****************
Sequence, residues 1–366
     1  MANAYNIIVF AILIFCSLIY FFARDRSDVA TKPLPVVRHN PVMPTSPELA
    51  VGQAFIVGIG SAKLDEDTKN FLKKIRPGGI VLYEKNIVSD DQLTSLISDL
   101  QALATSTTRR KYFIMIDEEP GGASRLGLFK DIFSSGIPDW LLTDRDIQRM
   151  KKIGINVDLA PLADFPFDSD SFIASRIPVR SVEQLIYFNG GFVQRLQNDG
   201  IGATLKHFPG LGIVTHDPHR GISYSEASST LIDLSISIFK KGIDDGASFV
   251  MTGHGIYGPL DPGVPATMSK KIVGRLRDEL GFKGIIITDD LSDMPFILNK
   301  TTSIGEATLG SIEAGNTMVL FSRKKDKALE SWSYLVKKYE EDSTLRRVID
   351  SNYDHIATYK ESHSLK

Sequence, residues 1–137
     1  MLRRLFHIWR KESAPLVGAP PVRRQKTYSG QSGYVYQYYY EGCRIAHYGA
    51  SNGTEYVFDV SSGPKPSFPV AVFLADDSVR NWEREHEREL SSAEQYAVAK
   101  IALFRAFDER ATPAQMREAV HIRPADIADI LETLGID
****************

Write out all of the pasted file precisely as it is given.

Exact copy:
Sequence, residues 1–366
     1  MANAYNIIVF AILIFCSLIY FFARDRSDVA TKPLPVVRHN PVMPTSPELA
    51  VGQAFIVGIG SAKLDEDTKN FLKKIRPGGI VLYEKNIVSD DQLTSLISDL
   101  QALATSTTRR KYFIMIDEEP GGASRLGLFK DIFSSGIPDW LLTDRDIQRM
   151  KKIGINVDLA PLADFPFDSD SFIASRIPVR SVEQLIYFNG GFVQRLQNDG
   201  IGATLKHFPG LGIVTHDPHR GISYSEASST LIDLSISIFK KGIDDGASFV
   251  MTGHGIYGPL DPGVPATMSK KIVGRLRDEL GFKGIIITDD LSDMPFILNK
   301  TTSIGEATLG SIEAGNTMVL FSRKKDKALE SWSYLVKKYE EDSTLRRVID
   351  SNYDHIATYK ESHSLK

Sequence, residues 1–137
     1  MLRRLFHIWR KESAPLVGAP PVRRQKTYSG QSGYVYQYYY EGCRIAHYGA
    51  SNGTEYVFDV SSGPKPSFPV AVFLADDSVR NWEREHEREL SSAEQYAVAK
   101  IALFRAFDER ATPAQMREAV HIRPADIADI LETLGID